After Brexit Doom Mongering, IMF Admits Britain Will Grow Faster Than Germany And France

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Britain will grow at a faster rate than Germany and France, the International Monetary Fund (IMF) has said – just weeks after it claimed a vote for Brexit would be an economic disaster.

Despite previously claiming that leaving the European Union (EU) would lead a recession, the IMF now expects the UK’s economy to grow by 1.7 per cent this year and 1.3 next year. According to the Telegraph, these figures will make Britain the second-fastest growing economy in the G7 next year, behind only the United States.

The figures came as the government announced unemployment had hit a new 11-year-low, a fact cheered on in the Commons this afternoon during Theresa May’s first Prime Minister’s Questions.

By comparison, Germany is expected to grow by 1.6 per cent this year and France by 1.3 per cent.

The figure is still weaker than forecast before the referendum – 1.9 per cent ethis year and 2.2 per cent next year – but nonetheless represent a climb down and suggest a recession is unlikely.

The IMF based its prediction on the fact no serious trade barriers have been put up between Britain and the EU and that there has so far been no serious financial disruption.

Before the referendum, IMF chief Christine Lagarde said that quitting the EU would be “pretty bad to very, very bad” for Britain’s economy. She added that Brexit would result in a “protracted period of heightened uncertainty” for the country, with “sizeable” long term losses in income.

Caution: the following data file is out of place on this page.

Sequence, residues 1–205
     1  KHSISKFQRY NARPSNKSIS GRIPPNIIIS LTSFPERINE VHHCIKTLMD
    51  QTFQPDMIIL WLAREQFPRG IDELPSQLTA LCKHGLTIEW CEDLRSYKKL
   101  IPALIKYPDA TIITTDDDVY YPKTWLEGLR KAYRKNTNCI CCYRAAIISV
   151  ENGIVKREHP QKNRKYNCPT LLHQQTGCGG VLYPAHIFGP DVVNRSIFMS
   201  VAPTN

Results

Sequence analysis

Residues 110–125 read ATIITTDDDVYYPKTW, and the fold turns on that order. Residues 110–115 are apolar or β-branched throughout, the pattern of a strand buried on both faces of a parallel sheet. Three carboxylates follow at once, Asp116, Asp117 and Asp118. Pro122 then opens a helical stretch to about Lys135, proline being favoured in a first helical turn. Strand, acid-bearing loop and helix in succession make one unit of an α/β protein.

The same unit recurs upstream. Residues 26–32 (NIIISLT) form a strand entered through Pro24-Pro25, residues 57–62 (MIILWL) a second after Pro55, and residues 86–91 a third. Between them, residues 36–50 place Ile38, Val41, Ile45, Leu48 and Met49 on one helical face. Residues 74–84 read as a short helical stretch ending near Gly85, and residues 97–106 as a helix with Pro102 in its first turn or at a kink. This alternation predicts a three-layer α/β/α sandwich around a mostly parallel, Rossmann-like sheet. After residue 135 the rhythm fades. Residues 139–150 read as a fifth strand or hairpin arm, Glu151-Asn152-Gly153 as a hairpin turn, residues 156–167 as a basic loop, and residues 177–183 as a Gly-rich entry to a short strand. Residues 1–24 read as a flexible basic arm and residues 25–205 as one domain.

The IMF’s admission comes as the Bank of England says it has seen “no clear evidence” that there will be a heavy economic slowdown after the Brexit vote.

Despite business leaders reporting rising uncertainty, there is no evidence that consumers are spending less.

A majority of firms spoken with did not expect a near-term impact from the result on their investment or staff-hiring plans. But around a third of contacts thought there would be some negative impact on those plans over the next 12 months,” the Bank said.

“As yet, there was no clear evidence of a sharp general slowing in activity.”

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